Frantisek Perina

Paying homage to a little known hero

Free Czechoslovak Air Force

General of the Skies
Generál nebe
František Peřina
* 8 April 1911
† 6 May 2006

František Peřina was born 8 April 1911 in the village of Morkůvky. The village was in a remote farming area about 30km from Brno in the Moravia region of Czechoslovakia. He was the second son of Josef and Kateřina and his father was a farmer. Peřina was 14 before he visited Brno, his nearest big town. He completed his elementary school education and then spent the next three years at grammar school. Peřina then joined, as an apprentice, the first engineering firm in Brno. He served a three year apprenticeship, training to be a lathe machinist. During this apprenticeship he also attended a vocational school He completed his apprenticeship and continued working at that firm.

František Peřina se narodil 8.4. 1911 v obci Morkůvky. Obec se nachází…

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4 thoughts on “Frantisek Perina

  1. This is an incredibly interesting posting for a number of reasons. It presents information of which I was unaware and raises questions, among which are the following:

    1. I never knew that the Munich Agreement resulted in the Poles annexing Czech territory. I have never read the Munich Agreement — I’ve only heard about it; never seen it. Did it provide for other countries to take over portions of Czechoslovakia?

    2. I find the statement, “The Polish Authorities, who recognized the new State of Slovakia, had showed little interest in the Czechoslovak Air Force airmen who were crossing into their country in groups and would not allow independent Czechoslovak units to be established on its territory,” very interesting. Did the Poles simply ignore the onslaught of Czech airmen until they became an embarrassment in their relationship with other countries? What of Czech army officers and men. Did they also remove to Poland and then, later, to France? The intrigue surrounding these maneuvers, if they can be typified as such, would make a good plot for an Alan Furst novel.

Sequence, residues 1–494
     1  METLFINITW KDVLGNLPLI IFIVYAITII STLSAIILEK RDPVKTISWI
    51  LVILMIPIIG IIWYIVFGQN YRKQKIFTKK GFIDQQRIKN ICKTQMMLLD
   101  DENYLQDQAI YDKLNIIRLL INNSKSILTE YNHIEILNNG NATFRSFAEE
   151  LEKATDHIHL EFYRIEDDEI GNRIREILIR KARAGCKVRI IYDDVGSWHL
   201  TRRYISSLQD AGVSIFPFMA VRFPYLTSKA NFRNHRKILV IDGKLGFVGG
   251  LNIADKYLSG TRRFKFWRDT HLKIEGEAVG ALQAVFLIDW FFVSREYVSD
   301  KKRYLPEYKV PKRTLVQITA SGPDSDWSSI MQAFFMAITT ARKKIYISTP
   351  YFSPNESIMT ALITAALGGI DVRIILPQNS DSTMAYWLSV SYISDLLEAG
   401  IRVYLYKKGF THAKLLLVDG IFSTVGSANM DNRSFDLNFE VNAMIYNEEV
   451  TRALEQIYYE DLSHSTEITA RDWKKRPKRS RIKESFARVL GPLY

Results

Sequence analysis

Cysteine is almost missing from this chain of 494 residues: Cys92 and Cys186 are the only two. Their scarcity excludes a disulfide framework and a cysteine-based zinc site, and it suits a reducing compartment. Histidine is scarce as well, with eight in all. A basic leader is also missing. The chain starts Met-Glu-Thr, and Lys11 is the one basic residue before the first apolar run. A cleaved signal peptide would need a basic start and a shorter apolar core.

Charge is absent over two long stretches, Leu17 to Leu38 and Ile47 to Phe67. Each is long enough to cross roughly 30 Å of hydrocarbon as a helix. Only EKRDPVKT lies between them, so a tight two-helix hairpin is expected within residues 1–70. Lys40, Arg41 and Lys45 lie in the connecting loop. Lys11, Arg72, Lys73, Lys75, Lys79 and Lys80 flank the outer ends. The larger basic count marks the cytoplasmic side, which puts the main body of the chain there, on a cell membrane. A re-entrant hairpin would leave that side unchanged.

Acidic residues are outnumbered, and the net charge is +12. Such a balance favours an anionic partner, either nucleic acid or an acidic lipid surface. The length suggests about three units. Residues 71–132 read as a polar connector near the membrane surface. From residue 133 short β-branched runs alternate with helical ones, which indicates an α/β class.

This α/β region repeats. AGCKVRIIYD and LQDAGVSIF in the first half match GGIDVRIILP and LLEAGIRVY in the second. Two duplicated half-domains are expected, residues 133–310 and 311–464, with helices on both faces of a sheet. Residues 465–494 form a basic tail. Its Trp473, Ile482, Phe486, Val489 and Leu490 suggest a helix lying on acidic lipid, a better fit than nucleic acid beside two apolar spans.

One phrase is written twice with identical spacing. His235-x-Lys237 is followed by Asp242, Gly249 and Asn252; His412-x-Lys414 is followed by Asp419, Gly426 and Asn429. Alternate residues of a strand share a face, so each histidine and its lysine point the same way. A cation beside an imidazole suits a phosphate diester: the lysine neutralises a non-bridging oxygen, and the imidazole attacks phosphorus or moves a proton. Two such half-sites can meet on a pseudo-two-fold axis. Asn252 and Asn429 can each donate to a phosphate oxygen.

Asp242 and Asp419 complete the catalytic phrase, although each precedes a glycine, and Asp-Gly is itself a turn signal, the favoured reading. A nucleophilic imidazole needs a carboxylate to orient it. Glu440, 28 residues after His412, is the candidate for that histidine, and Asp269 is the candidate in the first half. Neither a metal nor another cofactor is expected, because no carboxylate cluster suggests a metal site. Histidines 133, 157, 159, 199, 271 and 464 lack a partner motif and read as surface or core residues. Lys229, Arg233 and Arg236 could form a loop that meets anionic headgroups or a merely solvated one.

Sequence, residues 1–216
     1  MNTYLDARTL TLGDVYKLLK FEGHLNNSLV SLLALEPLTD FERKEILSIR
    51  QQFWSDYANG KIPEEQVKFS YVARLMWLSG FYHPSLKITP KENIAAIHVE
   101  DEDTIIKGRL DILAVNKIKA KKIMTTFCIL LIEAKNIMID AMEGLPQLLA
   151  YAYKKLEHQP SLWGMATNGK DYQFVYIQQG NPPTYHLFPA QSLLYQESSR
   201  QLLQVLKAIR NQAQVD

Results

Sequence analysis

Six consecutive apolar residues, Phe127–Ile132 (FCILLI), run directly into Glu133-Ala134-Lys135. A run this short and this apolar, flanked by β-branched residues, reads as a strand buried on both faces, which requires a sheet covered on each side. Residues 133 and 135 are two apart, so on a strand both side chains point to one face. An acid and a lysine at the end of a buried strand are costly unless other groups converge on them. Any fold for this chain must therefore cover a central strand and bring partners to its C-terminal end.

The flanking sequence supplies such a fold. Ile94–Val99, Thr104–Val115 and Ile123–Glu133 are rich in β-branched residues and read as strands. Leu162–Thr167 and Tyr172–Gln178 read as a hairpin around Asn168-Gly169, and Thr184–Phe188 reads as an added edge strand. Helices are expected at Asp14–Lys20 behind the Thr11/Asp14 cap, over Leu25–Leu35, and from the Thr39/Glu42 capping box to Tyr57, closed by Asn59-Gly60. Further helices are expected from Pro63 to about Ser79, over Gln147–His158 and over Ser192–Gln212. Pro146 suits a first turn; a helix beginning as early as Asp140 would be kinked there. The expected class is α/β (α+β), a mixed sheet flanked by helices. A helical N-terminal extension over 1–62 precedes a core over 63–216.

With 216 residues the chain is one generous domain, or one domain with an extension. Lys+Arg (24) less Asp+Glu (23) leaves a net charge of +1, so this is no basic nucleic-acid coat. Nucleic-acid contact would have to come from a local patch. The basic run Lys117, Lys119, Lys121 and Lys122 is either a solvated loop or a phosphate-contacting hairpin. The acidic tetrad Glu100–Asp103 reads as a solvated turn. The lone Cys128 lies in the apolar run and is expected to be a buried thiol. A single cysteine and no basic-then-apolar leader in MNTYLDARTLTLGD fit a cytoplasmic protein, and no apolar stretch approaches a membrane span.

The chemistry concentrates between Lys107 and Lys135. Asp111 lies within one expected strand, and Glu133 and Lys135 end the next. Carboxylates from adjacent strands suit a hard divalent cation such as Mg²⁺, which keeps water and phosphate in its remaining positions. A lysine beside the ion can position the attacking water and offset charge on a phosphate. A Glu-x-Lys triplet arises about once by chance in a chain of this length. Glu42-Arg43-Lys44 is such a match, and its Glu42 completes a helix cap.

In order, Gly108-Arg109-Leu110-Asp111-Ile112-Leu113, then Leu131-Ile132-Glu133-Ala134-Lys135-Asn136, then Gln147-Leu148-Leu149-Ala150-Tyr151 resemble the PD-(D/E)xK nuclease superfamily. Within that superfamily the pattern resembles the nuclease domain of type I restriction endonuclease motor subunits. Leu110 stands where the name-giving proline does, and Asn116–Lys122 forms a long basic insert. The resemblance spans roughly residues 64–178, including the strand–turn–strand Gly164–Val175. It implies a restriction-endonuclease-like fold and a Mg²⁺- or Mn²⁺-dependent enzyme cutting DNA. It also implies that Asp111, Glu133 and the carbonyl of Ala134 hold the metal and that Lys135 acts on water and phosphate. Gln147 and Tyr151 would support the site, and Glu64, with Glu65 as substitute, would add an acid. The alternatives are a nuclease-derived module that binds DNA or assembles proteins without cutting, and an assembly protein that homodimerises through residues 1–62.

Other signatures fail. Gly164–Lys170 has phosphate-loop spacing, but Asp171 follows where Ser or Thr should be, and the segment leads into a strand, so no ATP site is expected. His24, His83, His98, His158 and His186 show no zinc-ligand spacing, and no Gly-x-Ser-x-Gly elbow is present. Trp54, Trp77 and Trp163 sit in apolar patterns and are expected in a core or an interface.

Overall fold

NOTE: I have already posted this comment on the Free Czechoslovakia Air Force site. I am posting the comment again here with the hope that someone might answer my questions.

  2. I received the following reply from the Free Czechoslovak Air Force website moderator and permission to repost it here for readers of Lest We Forget:

    “Thank you for visiting our website:

    and for your comment. In responding to your first question these 3 articles will give an understanding of the Munich Agreement – or Munich Dictact as its know to the Czechs – from a Czech perspective and how Czechoslovakia had to cede territory to Germany, Poland and Hungary because of it:

    In respect of question 2, within days of the German occupation of Czechoslovakia on 16 March 1939 Cz airmen and soldiers were starting to cross the border to Poland. On our site we specialize in just the airmen and some examples of some of their escapes are here:

    The initial reaction from the Polish Authorities is that initially they did not want to antagonize neighboring Nazi Germany as they did not want to provoke them. This resulted in the Polish authorities not entertaining any Czech military units being formed in Poland. This resulted in the Czechoslovak Consulate in Paris negotiating with the French authorities for those escaped Czechoslovaks to be brought to France. However there was a catch as French law did not permit foreign military units to be based on her territory in peacetime. This meant the Czechoslovaks, before they would be permitted to travel to France had to commit to enlisting in the French Foreign Legion for a period of 5 years. But there was an agreement that should war be declared the Czechoslovaks would be released from their Foreign Legion service and transferred into French military units. However if any of the Czechoslovaks were not prepared to commit to that 5 year contract the Poles would return them to Czechoslovakia which would invariably mean incarceration and probably execution. In all some 1200 Cz airmen travelled to France – also Cz soldiers – during those few months before Germany invaded Poland. But by August the Polish authorities were realizing that it was only a matter of a short time before the Germans invaded and took active steps to prevent the Czechs leaving Poland and instead to join Polish forces. A bio of one of the Cz airmen who fought with the Poles is here:

    Hopefully this should help to get a better understanding of those times, but any questions just ask.”

    Such interesting information. Until today, I had not known that Czechoslovakia had to cede territory to Poland and Hungary in addition to Germany.

    Someone once said that there is nothing new except the history you don’t know.

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